PETALING JAYA: Segambut MP Hannah Yeoh and lawyer Syahredzan Johan have called for an immediate halt to the verbal and physical assaults on the transgender community, following reports of a transgender woman who was attacked by a group of men in Negeri Sembilan last week.
In a joint statement, they said they had visited the victim at the Tuanku Jaafar Hospital in Seremban where they learned that she had suffered internal injuries, several broken ribs and injuries to her back and head which required 12 stitches.
“This is not an isolated incident,” they said. “The transgender community has long been the target of assault and harassment throughout the country.”
In some cases, they said, the attacks had resulted in serious injuries and even death.
They said most of the time, the perpetrators were not brought to justice, either due to the fear of repercussions on the part of the victims, or because the authorities were reluctant to take further action.
“We believe that the wanton disregard for the lives of the transgender community is the result of the constant demonisation of the community by certain quarters.
“The hate speeches directed at the transgender community reduce their humanity in the eyes of society and has made it easier for them to be targeted.
“The physical and verbal assaults suffered by transgender community must be stopped. They are gross violations of the human rights of members of the transgender community, who should also enjoy the same fundamental liberties as any other citizen of this country,” they said.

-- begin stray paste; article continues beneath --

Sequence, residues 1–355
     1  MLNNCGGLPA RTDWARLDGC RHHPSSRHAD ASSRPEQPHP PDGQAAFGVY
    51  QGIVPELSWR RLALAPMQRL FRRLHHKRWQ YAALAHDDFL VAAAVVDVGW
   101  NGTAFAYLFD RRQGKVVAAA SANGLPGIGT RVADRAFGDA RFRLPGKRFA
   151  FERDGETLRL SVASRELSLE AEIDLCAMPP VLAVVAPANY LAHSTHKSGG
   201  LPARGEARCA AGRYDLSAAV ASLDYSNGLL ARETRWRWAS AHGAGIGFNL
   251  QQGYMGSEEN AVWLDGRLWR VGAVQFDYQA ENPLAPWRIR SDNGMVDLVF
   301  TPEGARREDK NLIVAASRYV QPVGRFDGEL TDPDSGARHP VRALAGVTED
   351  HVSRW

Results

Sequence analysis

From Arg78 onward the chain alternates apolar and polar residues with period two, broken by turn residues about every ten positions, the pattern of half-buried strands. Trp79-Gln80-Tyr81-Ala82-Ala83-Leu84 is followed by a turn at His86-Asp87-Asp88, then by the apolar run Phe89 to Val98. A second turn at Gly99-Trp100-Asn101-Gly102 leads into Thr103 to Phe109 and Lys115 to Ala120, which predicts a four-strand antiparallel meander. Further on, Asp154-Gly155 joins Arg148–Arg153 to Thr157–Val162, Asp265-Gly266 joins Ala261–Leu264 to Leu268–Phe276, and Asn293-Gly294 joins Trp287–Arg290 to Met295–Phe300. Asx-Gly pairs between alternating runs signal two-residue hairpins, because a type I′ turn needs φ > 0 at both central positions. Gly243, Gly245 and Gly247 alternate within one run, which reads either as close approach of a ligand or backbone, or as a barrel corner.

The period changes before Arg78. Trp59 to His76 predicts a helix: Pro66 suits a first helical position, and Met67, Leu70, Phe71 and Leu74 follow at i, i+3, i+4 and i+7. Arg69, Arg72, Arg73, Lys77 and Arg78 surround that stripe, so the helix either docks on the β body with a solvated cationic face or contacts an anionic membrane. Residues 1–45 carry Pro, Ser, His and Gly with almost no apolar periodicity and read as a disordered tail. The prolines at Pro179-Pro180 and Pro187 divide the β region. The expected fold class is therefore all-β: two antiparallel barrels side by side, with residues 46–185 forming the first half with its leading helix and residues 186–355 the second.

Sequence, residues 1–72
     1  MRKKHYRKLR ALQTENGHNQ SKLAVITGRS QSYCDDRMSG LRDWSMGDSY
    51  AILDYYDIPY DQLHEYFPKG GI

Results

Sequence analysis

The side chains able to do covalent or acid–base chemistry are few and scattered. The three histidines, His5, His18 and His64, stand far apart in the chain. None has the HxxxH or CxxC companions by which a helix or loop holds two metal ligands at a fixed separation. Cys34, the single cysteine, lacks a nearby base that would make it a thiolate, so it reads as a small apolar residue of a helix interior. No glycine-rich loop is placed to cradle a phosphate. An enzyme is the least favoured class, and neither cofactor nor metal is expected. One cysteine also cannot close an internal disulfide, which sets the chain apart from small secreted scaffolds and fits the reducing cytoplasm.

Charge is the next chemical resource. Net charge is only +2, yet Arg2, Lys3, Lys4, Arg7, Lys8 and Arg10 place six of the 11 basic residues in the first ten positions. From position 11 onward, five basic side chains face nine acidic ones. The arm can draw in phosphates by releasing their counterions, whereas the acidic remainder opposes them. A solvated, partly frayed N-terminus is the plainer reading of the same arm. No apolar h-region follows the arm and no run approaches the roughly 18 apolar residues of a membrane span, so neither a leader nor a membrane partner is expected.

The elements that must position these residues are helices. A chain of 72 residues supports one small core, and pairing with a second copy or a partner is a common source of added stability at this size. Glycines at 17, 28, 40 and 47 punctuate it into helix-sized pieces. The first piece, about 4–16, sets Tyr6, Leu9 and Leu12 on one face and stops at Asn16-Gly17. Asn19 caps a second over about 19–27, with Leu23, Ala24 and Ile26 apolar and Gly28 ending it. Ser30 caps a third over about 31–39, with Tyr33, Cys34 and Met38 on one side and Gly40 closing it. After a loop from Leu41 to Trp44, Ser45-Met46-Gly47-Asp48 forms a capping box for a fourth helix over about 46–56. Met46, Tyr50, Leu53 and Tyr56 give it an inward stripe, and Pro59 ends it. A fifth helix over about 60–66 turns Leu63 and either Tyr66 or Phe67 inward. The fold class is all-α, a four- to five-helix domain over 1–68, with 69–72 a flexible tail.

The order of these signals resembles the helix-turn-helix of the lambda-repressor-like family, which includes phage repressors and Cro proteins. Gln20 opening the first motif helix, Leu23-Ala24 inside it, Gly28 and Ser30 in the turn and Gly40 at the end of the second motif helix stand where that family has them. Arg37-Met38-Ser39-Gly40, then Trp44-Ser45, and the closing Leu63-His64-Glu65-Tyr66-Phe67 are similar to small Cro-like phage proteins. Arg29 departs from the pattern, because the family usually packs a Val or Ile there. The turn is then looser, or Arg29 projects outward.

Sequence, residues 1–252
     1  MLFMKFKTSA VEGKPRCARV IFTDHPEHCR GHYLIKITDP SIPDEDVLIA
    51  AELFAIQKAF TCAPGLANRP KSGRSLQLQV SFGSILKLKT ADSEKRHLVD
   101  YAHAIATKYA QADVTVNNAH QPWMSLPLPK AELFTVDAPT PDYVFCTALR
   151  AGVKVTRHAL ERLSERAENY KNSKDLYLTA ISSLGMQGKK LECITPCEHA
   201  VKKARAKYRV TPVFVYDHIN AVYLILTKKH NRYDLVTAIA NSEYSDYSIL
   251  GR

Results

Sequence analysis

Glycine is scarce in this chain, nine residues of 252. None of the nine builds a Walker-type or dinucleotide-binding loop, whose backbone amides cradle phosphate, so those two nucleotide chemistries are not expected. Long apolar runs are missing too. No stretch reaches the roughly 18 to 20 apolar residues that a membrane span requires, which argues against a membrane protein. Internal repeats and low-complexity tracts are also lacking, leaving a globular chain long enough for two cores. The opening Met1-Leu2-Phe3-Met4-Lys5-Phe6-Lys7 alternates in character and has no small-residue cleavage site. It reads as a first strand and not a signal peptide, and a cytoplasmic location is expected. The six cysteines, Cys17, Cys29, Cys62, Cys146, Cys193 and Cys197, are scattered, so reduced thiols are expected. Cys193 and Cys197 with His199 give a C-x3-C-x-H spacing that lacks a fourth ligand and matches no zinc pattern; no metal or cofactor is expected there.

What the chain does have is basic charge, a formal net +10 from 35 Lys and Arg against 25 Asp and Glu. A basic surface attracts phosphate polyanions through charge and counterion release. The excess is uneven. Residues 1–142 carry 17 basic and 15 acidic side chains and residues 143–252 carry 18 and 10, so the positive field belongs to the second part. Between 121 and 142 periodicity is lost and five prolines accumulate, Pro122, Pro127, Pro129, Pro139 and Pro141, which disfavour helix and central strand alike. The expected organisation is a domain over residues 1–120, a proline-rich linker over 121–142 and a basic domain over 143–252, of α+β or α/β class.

The Galen Centre for Health and Social Policy supported the call for urgent action to address the “demonisation” of the transgender community, saying it had resulted in the perpetrators going unpunished and transgender persons living in fear.
Galen chief executive Azrul Mohd Khalib said everyone was equally entitled to the rights and protection provided for under Malaysian law.
“That includes being able to walk about without having to fear being beaten up or being subjected to physical and mental harm.
“There is no justification for such violence on another human being,” he said in a statement today.
He warned that discrimination based on gender identity and transgender status could discourage people from seeking treatment and care, adding that those who identified as lesbian, gay, bisexual and transgender (LGBT) could have trouble finding alternative healthcare services if they were turned away.
“Sexual minorities, transgender persons in particular, face tremendous discrimination and social stigma which complicate and obstruct their ability to access and be covered for healthcare and treatment needs.
“Discrimination and social stigmatisation will result in increased incidences of mistreatment, harassment, or being denied service outright,” he said.